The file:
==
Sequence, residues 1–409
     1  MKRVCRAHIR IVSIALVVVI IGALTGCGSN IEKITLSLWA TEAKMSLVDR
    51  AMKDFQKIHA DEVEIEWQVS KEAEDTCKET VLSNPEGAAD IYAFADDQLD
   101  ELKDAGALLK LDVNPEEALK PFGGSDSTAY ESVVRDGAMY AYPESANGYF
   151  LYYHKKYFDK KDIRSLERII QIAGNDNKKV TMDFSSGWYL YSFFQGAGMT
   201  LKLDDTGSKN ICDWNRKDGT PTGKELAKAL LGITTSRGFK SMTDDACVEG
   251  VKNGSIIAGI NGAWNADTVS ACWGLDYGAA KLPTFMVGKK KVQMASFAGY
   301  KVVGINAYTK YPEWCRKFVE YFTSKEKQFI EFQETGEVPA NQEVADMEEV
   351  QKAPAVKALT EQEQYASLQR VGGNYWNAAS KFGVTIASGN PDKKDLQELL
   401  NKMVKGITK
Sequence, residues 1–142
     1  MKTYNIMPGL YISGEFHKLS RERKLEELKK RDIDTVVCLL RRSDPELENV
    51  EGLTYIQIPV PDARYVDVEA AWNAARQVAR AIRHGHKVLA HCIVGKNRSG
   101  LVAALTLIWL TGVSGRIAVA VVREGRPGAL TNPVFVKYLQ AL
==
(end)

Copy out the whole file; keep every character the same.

Sequence, residues 1–409
     1  MKRVCRAHIR IVSIALVVVI IGALTGCGSN IEKITLSLWA TEAKMSLVDR
    51  AMKDFQKIHA DEVEIEWQVS KEAEDTCKET VLSNPEGAAD IYAFADDQLD
   101  ELKDAGALLK LDVNPEEALK PFGGSDSTAY ESVVRDGAMY AYPESANGYF
   151  LYYHKKYFDK KDIRSLERII QIAGNDNKKV TMDFSSGWYL YSFFQGAGMT
   201  LKLDDTGSKN ICDWNRKDGT PTGKELAKAL LGITTSRGFK SMTDDACVEG
   251  VKNGSIIAGI NGAWNADTVS ACWGLDYGAA KLPTFMVGKK KVQMASFAGY
   301  KVVGINAYTK YPEWCRKFVE YFTSKEKQFI EFQETGEVPA NQEVADMEEV
   351  QKAPAVKALT EQEQYASLQR VGGNYWNAAS KFGVTIASGN PDKKDLQELL
   401  NKMVKGITK
Sequence, residues 1–142
     1  MKTYNIMPGL YISGEFHKLS RERKLEELKK RDIDTVVCLL RRSDPELENV
    51  EGLTYIQIPV PDARYVDVEA AWNAARQVAR AIRHGHKVLA HCIVGKNRSG
   101  LVAALTLIWL TGVSGRIAVA VVREGRPGAL TNPVFVKYLQ AL